By order of the Los Angeles County Dept of Health, the company relocated thousands of families from the Porter Ranch area. On December 15, the county of Los Angeles declared a state of emergency, two days it approved a plan to close two schools in the area. Officials estimated. On January 11, 2016 Mitchell Englander, the LA City Councilman representing Porter Ranch, said "Most people weren't aware that one of the largest gas storage facilities in the United States was in their backyard. There are wells located off Mullholland on the border of Calabasas and Woodland Hills, 57 of them to be exact; those wells are over 50 years old and pose a threat."On February 18, 2016, state officials announced that the leak was permanently plugged. On March 12, 2016, Los Angeles County Public Health Department officials say its test of dust in Porter Ranch homes turned up the presence of metals, including barium, that could have caused the kinds of health symptoms some residents have reported experiencing after the big gas blowout was plugged.
According to the U. S. Census in 2000, the population was 24,923. Based on the Los Angeles Department of City Planning estimates, the population was 30,571 in 2008. With a population density of 4,462 people per square
San Fernando Valley
The San Fernando Valley is an urbanized valley in Los Angeles County, California in the Los Angeles metropolitan area, defined by the mountains of the Transverse Ranges circling it. Home to 1.77 million people, it is north of the more populous Los Angeles Basin. Nearly two thirds of the valley's land area is part of the city of Los Angeles; the other incorporated cities in the valley are Glendale, San Fernando, Hidden Hills, Calabasas. The San Fernando Valley is about 260 square miles bound by the Santa Susana Mountains to the northwest, the Simi Hills to the west, the Santa Monica Mountains and Chalk Hills to the south, the Verdugo Mountains to the east, the San Gabriel Mountains to the northeast; the northern Sierra Pelona Mountains, northwestern Topatopa Mountains, southern Santa Ana Mountains, Downtown Los Angeles skyscrapers can be seen from higher neighborhoods and parks in the San Fernando Valley. The Los Angeles River begins at the confluence of Calabasas Creek and Bell Creek, between Canoga Park High School and Owensmouth Ave. in Canoga Park.
These creeks' headwaters are in the Santa Monica Calabasas foothills, the Simi Hills' Hidden Hills, Santa Susana Field Laboratory, Santa Susana Pass Park lands. The river flows eastward along the southern regions of the Valley. One of the river's two unpaved sections can be found at the Sepulveda Basin. A seasonal river, the Tujunga Wash, drains much of the western facing San Gabriel Mountains and passes into and through the Hansen Dam Recreation Center in Lake View Terrace, it flows south along the Verdugo Mountains through the eastern communities of the valley to join the Los Angeles River in Studio City. Other notable tributaries of the river include Dayton Creek, Caballero Creek, Bull Creek, Pacoima Wash, Verdugo Wash; the elevation of the floor of the valley varies from about 600 ft to 1,200 ft above sea level. Most of the San Fernando Valley is within the jurisdiction of the city of Los Angeles, although a few other incorporated cities are located within the valley as well: Burbank and Glendale are in the southeastern corner of the valley, Hidden Hills and Calabasas are in the southwestern corner, San Fernando, surrounded by Los Angeles, is in the northeastern valley.
Universal City, an enclave in the southern part of the valley, is unincorporated land housing the Universal Studios filming lot and theme park. Mulholland Drive, which runs along the ridgeline of the Santa Monica Mountains, marks the boundary between the valley and the communities of Hollywood and the Los Angeles Westside; the valley's natural habitat is a "temperate grasslands and shrublands biome" of grassland, oak savanna, chaparral shrub forest types of plant community habitats, along with lush riparian plants along the river and springs. In this Mediterranean climate, post-1790s European agriculture for the mission's support consisted of grapes, figs and general garden crops; the San Fernando Valley contains five incorporated cities—Glendale, San Fernando, Hidden Hills, Calabasas—and part of a sixth, Los Angeles, which governs a majority of the valley. The unincorporated communities are governed by the County of Los Angeles; the Los Angeles city section of the valley is divided into seven city council districts: 2, 3, 4, 5, 6, 7, 12.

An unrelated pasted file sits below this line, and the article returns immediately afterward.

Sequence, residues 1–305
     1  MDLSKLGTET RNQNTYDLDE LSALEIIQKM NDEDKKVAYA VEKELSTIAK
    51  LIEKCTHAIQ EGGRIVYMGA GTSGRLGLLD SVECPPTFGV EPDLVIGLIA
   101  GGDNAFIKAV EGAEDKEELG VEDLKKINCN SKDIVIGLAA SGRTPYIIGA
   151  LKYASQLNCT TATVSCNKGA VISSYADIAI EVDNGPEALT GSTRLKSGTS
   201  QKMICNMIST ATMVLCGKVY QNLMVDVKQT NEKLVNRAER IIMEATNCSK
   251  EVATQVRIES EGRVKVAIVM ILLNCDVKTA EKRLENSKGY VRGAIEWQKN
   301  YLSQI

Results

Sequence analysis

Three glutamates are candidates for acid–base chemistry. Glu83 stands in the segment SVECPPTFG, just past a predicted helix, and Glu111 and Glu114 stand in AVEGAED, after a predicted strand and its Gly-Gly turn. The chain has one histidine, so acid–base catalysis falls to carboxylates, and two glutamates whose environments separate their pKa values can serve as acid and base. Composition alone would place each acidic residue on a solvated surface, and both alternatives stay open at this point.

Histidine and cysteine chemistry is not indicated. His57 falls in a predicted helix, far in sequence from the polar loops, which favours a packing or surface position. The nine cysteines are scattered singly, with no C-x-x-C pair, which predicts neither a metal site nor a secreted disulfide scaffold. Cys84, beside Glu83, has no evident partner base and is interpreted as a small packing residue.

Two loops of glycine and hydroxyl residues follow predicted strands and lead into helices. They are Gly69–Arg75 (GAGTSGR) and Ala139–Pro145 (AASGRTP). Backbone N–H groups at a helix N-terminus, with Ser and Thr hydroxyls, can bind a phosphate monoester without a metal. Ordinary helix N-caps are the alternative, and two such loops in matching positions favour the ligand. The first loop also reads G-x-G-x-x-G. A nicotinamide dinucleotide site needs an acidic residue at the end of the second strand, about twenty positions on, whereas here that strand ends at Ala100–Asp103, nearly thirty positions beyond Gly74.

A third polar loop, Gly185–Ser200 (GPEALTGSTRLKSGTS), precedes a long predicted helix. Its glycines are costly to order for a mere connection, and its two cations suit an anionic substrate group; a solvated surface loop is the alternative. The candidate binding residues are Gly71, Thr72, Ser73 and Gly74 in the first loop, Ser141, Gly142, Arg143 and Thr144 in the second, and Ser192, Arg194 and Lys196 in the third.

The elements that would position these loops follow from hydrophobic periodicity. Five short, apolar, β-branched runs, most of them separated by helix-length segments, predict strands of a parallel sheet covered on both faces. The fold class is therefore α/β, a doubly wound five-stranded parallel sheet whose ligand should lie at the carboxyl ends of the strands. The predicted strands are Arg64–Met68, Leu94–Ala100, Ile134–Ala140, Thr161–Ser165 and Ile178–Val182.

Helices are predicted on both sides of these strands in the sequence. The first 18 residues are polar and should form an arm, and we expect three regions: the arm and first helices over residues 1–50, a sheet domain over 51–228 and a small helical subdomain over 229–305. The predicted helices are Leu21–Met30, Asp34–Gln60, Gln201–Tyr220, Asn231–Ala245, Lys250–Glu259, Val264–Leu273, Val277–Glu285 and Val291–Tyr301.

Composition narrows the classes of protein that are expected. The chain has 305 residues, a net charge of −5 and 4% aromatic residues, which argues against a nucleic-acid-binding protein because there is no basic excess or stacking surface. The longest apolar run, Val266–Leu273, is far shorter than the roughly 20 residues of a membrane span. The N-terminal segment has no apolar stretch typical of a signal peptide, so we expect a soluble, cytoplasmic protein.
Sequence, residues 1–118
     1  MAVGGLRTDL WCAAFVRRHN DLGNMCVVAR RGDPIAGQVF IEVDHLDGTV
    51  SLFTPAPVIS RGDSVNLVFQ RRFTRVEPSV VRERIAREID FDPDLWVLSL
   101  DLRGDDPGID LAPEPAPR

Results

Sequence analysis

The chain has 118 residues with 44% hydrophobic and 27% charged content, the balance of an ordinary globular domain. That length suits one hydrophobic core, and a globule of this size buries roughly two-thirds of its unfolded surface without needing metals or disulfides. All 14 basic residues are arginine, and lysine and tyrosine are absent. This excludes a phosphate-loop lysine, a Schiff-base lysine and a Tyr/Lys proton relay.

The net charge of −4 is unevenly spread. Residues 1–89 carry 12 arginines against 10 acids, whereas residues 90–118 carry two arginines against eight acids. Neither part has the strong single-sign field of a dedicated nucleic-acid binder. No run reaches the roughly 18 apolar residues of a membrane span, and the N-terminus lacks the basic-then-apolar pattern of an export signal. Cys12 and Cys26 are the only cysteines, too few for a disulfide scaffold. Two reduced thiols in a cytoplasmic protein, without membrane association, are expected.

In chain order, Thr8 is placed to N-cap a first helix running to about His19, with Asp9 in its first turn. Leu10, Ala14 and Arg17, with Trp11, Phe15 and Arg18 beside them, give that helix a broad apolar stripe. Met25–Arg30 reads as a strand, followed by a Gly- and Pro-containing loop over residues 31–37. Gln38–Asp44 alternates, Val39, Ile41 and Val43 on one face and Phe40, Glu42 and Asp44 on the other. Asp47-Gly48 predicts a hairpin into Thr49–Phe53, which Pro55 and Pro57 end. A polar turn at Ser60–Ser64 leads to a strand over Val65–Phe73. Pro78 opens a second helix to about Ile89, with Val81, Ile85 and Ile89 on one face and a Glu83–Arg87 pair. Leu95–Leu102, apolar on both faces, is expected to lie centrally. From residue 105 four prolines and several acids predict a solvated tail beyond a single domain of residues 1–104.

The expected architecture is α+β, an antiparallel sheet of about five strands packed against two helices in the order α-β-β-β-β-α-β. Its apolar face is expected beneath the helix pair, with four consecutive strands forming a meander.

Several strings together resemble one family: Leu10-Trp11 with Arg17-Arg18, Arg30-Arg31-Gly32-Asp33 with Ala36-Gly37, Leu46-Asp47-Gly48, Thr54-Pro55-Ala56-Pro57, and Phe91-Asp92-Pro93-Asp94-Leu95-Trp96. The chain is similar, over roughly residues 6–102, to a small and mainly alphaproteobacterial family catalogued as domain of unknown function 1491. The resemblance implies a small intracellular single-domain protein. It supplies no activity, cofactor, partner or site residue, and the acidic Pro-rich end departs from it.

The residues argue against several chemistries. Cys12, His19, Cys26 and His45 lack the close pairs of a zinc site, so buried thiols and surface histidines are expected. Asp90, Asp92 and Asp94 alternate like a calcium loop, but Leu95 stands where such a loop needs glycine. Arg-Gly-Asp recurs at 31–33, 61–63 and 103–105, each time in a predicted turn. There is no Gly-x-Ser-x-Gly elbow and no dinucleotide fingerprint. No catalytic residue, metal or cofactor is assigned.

Of the 95 neighborhood councils in the city, 34 are in the valley. The valley is represented in the California State Legislature by seven members of the State Assembly and five members of the State Senate; the valley falls into four congressional districts: the 28th, 29th, 30th, 33rd, represented by Adam Schiff, Tony Cárdenas, Brad Sherman, Ted Lieu. In the Los Angeles County board of supervisors, it is represented by two supervisorial districts, with the western portion represented by Sheila Kuehl and the eastern portion by Kathryn Barger; the San Fernando Valley, for the most part, tends to support Democrats in state and national elections. This is true in the southern areas, which include Sherman Oaks and the city of Burbank; the Los Angeles satellite administrative center for the valley, The Civic Center Van Nuys, is in Van Nuys. The area in and around the Van Nuys branch of Los Angeles City Hall is home to a police station and superior courts and Los Angeles city and county administrative offices.
Northridge is home to Northridge. Many branches of the Los Angeles Public Library are located in the valley. For independent libraries see "Incorporated Cities" in the "Municipalities and districts" list below. Los Angeles Police Department, Los Angeles County Sheriff's Department, independent valley city departments. Los Angeles Fire Department, Los Angeles County Fire Department, Burbank Police Department, independent valley city departments. City of Los Angeles neighborhood councils The Tongva known as the Gabrieleño Mission Indians after colonization, the Tataviam to the north and Chumash to the west, had lived and thrived in the valley and its arroyos for over 8,000 years, they had numerous settlements, trading and hunting camps, before the Spanish arrived in 1769 to settle in the Valley. The first Spanish land grant in the San Fernando Valley was called "Rancho Encino", in the northern part of the San Fernando Valley. Juan Francisco Reyes built an adobe dwelling beside a Tongva village or rancheria at natural springs, but the land was soon taken from him so that a mission could be built there